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Oklahoma Sooners Football: Making sense of the negotiations to exit the Big 12 for the SEC

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How do competition and money fit into the stakeholders’ calculations?

Syndication: The Oklahoman BRYAN TERRY/THE OKLAHOMAN / USA TODAY NETWORK

Long a hotbed of infighting, the brouhaha in the Big 12 over the 2023 football schedule sounds like it will make for a fitting coda to the tenures of the Oklahoma Sooners and Texas Longhorns in the conference.

Reported dates for release have come and gone, with a new target reportedly set for the end of this month. Meanwhile, some conferences put out their schedules more than a year ago.

The reason we don’t yet know the Sooners’ upcoming opponents depends on whom you ask:

  • The incoming members are trying to show they won’t be pushed around.
  • The incoming members need to learn their place.
  • The legacy Big 12 schools want to screw OU and Texas.
  • The legacy Big 12 schools want to play OU and Texas.

Scandalous!

Undoubtedly, the Red River rivals breaking away from the league in favor of the Southeastern Conference stirred up hard feelings among their soon-to-be-former conference mates. Subsequent quotes from other Big 12 schools’ administrators haven’t left much doubt about that. But athletic departments sending messages and settling scores by messing around with football games, their most valuable assets? Come on.

Oklahoman columnist Berry Tramel published a piece ($) over the weekend that feels like something closer to reality – at least from the view on the Sooners’ side of the fence. Per Tramel, the actual roadblock preventing the schedule’s release has to do with getting OU and Texas out of the league as soon as possible. He even threw out the possibility of the two schools leaving for the SEC this summer, which he admitted was a long shot.

Allow someone – who admittedly has no inside information about what is taking in place in the negotiations – to pull a bit more on this thread.


Competition

According to Tramel, the conventional wisdom about OU’s transition to the SEC has been proven wrong. In fact, it is actually backwards.

Then: Brent Venables is overhauling the program and restocking the roster, so playing out the string in the Big 12 until 2025 will help the Sooners as they gear up for the new SEC era.

Now: Go through the SEC learning curve while the program is down to avoid transition costs once the team cycles back up.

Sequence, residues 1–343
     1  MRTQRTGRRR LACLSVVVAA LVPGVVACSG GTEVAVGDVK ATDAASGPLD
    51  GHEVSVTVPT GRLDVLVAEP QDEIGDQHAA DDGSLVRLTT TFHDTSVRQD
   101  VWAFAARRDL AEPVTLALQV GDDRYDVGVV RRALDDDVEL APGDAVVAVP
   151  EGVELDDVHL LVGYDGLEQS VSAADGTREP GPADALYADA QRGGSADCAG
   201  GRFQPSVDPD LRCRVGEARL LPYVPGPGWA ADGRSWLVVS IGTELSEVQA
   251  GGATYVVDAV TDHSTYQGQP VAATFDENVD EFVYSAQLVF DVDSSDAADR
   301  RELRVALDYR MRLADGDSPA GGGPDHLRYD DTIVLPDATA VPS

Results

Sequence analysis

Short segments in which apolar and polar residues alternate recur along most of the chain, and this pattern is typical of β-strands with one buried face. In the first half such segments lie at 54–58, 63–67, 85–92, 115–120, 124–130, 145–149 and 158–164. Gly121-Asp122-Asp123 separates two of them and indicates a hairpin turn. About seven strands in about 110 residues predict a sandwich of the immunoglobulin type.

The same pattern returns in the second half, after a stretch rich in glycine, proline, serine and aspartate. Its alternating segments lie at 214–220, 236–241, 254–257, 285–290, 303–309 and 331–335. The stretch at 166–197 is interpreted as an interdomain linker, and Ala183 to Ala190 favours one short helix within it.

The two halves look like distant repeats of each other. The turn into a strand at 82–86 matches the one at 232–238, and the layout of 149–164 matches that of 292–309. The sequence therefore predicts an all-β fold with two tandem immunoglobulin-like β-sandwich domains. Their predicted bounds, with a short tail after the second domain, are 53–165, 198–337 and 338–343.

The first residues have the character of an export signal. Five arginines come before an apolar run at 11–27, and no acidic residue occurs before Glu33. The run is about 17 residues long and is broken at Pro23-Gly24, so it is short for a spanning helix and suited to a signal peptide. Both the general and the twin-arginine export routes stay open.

This makes sense on a certain level. Some challenges of the move to the SEC seem overblown, but preparing for a different style of play against teams built differently isn’t one of them. As it stands, Venables is meandering between two different worlds, trying to win games one way now and build a team that can win another way in the future. And the best coaching minds of any conference in the country run the teams playing the Big 12 way, which only makes the balancing act between present and future harder for OU’s head coach.

Even if playing in the SEC now required fielding a temporarily undermanned squad against a collection of more talented teams, OU could still find a way to a winning record and bowl bid with ease. The SEC’s eight-game conference schedule would allow the Sooners to pick up an extra paycheck game, and winning two or three conference games at minimum against the typical SEC conference slate seems imminently doable.

On the other hand, as the most talented teams in the conference, OU and Texas could maintain some hope of winning a conference title in the Big 12 in the next two years. Achieving that level of success in the SEC in 2024 (or 2023) seems like a pipe dream.


Money

All things being equal, OU and Texas extricating themselves from the Big 12 will cost a pretty penny. Reportedly, it could cost each of them north of $80 million. Staying in the Big 12 through 2025 would mean that sum would remain in their coffers.

We should note that although we can’t quantify it directly, there is almost certainly an opportunity cost to not bouncing. Home slates filled with Big 12 teams for the next two years won’t juice fundraising or generate the same level of demand for season tickets as hosting SEC foes. Surely the difference in revenue would offset the cost of the exit fees to a degree, even if we can’t say how much.

Meanwhile, it looks like expansion has made collecting those exit fees imperative for the legacy Big 12 teams. As Dennis Dodd of CBS Sports wrote recently, the remaining eight Big 12 teams are taking diluted payouts from the league’s media rights in the next two years to help fund the additions of BYU, Cincinnati, Houston and UCF. That will leave a $16 million hole in their cash flows for the next two years. The exit fees could help make up the gap.

Knowing that, OU and Texas probably have room to whittle down their exit price, especially if they do stick it out for another year.


The bottom line is that any perceived benefits of staying in the Big 12 through the end of the current media rights deal probably don’t seem so appealing to either the Sooners or Longhorns right now. At the same time, fiscal realities give them more leverage in negotiations over their departure than it would seem at first glance.

That said, a 2023 departure still seems overly optimistic. We haven’t even broached the subject of satisfying FOX, which probably has no intent on seeing two high-value media properties walk out on one of its conference partners without getting something in return.

The smart bet: OU and UT reach a deal for a 2024 departure at a reduced price, with an announcement soon after the Big 12 releases its 2023 schedule.